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On some problems on k-trees and partial k-trees Skorin-Kapov, Darko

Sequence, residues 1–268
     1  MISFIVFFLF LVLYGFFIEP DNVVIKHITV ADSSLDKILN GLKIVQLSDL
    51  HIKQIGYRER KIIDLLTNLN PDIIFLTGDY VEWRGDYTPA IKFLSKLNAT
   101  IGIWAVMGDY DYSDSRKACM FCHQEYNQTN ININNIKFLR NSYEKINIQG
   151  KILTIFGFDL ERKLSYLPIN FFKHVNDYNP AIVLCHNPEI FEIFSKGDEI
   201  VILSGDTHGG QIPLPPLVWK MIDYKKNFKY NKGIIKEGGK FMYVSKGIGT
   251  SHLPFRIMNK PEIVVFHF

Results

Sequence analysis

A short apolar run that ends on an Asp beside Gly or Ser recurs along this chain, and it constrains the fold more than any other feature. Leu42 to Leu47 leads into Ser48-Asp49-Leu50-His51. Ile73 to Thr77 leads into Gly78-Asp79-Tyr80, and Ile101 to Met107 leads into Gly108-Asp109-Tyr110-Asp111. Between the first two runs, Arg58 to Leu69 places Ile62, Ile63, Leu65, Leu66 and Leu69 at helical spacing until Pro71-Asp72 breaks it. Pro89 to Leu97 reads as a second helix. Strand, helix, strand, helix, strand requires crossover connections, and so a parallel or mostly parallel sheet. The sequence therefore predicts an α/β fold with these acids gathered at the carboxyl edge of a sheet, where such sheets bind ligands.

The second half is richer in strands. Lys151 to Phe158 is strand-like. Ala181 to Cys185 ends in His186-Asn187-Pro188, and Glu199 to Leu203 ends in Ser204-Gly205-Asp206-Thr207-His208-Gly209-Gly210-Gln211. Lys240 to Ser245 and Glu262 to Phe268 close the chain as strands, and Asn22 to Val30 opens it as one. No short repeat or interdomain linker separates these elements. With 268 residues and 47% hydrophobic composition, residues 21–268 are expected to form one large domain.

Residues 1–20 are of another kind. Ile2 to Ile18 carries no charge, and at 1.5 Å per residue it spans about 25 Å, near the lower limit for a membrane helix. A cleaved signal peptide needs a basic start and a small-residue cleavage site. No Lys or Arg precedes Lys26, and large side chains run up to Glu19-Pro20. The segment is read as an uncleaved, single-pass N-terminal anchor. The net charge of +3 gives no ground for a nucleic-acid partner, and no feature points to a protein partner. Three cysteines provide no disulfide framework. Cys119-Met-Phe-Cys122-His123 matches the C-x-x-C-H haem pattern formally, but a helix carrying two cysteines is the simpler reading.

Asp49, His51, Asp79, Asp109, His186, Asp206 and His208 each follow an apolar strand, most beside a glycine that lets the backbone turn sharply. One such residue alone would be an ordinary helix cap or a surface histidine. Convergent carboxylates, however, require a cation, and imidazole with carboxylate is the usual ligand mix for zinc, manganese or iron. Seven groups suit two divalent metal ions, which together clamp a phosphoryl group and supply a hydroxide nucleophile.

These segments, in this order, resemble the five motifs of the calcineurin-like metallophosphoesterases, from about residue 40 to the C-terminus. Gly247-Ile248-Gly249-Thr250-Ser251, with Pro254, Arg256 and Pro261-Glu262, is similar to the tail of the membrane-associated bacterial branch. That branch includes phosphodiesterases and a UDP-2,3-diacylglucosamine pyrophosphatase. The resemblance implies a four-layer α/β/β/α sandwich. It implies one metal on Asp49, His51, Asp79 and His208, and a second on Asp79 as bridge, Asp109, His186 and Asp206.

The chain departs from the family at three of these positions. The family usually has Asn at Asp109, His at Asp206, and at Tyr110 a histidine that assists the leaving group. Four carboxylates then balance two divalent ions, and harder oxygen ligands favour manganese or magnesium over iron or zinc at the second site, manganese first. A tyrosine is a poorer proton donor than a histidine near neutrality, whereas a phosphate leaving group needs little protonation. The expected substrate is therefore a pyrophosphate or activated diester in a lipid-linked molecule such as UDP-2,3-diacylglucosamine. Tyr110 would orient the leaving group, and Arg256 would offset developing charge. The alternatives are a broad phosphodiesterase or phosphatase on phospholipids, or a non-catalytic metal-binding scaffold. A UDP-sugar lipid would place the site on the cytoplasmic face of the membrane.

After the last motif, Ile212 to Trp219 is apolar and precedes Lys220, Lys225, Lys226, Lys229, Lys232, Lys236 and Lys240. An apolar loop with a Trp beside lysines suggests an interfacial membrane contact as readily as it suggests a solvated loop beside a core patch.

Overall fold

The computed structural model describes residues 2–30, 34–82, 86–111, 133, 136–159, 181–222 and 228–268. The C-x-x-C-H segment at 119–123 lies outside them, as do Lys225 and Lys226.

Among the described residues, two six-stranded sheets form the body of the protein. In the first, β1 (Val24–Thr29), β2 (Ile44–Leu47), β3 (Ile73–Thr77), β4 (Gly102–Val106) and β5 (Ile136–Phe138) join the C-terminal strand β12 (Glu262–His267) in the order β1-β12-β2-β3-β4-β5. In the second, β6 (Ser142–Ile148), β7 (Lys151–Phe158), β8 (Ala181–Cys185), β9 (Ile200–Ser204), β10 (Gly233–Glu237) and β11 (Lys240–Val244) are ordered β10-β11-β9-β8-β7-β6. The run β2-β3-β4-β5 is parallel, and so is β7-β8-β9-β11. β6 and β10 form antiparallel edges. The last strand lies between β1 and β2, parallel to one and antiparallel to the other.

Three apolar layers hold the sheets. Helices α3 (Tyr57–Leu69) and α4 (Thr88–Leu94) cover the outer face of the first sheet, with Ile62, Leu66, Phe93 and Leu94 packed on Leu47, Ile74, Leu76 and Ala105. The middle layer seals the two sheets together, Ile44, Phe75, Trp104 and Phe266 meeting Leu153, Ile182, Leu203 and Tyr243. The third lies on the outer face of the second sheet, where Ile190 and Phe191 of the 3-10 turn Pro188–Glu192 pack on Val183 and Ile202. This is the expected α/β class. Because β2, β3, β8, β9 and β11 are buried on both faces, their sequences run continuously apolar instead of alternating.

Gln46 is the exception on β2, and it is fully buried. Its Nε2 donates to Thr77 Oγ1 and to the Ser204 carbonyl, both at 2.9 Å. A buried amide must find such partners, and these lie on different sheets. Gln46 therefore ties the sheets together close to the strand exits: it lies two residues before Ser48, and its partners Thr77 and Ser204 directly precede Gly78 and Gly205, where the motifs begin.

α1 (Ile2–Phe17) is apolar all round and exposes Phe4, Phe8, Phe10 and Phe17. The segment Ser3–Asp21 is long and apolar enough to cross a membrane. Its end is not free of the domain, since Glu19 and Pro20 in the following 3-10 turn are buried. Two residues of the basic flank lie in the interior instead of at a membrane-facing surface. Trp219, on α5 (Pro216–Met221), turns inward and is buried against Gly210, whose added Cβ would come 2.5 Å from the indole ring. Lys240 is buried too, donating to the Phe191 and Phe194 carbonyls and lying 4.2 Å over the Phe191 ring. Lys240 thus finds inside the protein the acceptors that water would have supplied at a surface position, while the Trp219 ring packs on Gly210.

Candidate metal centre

The objective of this thesis is to investigate some structural and algorithmic properties of k-trees and partial k-trees. A k-tree can be constructed from a k-complete graph by recursively adding a new vertex which is adjacent to all vertices of an existing k-complete subgraph. Partial k-trees are graphs embeddable in a k-tree with the same vertex set. They are natural generalizations of forests and series-parallel graphs which are the first two members of the hierarchy of partial k-trees. The many applications of k-trees and partial k-trees have motivated their study from both an algorithmic and a theoretical point of view. For example, k-trees arise in reliable communication network design problems (Farley (1981), Farley and Proskurowski (1982), Neufeld and Colbourn (1983), Wald and Colbourn (1983), Colbourn and Proskurowski (1984)) and in the study of the complexity of certain type of queries in a relational data base system (Arnborg (1979)). Moreover, the class of k-trees is special in the sense that many problems, which are NP-complete for arbitrary graphs, are solvable in polynomial time when restricted to k-trees or partial k-trees (Arnborg and Proskurowski (1989)). In Chapter 2 of the thesis we analyze a fixed cost spanning forest (FCSF) problem, defined over a graph G, in which some customers require service that can be generated at some facilities' sites. Both the set of customers and facilities' sites are represented by nodes in G. There is a fixed cost for opening each facility and a cost for delivering the service from open facilities to the customers. Customers do not necessarily have to receive the service directly from an open facility, but possibly through other intermediate customers. We develop a linear time algorithm for solving the FCSF problem when the customers and potential facilities' sites are located on a series-parallel network or, equivalently, a partial 2-tree. We further analyze a related cost allocation problem, in which we seek a fair method for allocating the cost of providing the service to the customers. We formulate this cost allocation problem as a cooperative game and show that, in general, the core of this cooperative game may be empty. However, we provide a sufficient condition, which can be verified in polynomial time, for the nonemptiness of the core of this game. A k-tree can be reduced to the k-complete graph by sequentially removing k-degree vertices with completely connected neighbors. We use this reduction process to develop, in Chapter 3, efficient algorithms for several optimization problems on k-trees and partial k-trees. In particular, we develop a linear time algorithm to find shortest simple paths from a given vertex to all other vertices in a k-tree, we compute the diameter of a k-tree with equal edge lengths in linear time, and we construct an O(n[sup k+2]) algorithm to solve the Simple Plant Location problem in an n-vertex partial k-tree. In Chapter 4 we present a new characterization of a k-path between two vertices u and v, in an equal weight k-tree G, by means of minimal k and k+1 cliques with respect to certain partial orders defined on the collections of all k and k+1 cliques in a k-tree. We use it to develop an O(n²) algorithm to decompose a vertex set V of a k-tree G to a minimum number of components, such that for any pair of vertices i and j in the same component, the cable distance between i and j is bounded by a positive integer R. We also compute the k-cable diameter of a k-tree with equal edge lengths in linear time. In Chapter 5 we derive some separation properties of partial k-trees and use them to develop NC algorithms for recognizing partial 2-trees and 3-trees. Explicitly, we prove the existence of a k-separator in a partial k-tree graph and construct a linear time algorithm that finds such a separator in k-trees. This algorithm can be used to obtain a balanced binary decomposition of a k-tree in 0(n log n) time. We derive some other separation properties of partial k-trees and use them to construct a balanced decomposition of an embedding of a k-connected partial k-tree when k = 2 and 3. Finally, we construct NC algorithms for the recognition of a partial k-tree for k - 2 and 3, which run in O(log²n) time using, respectively, O(n³) and O(n⁴) processors.

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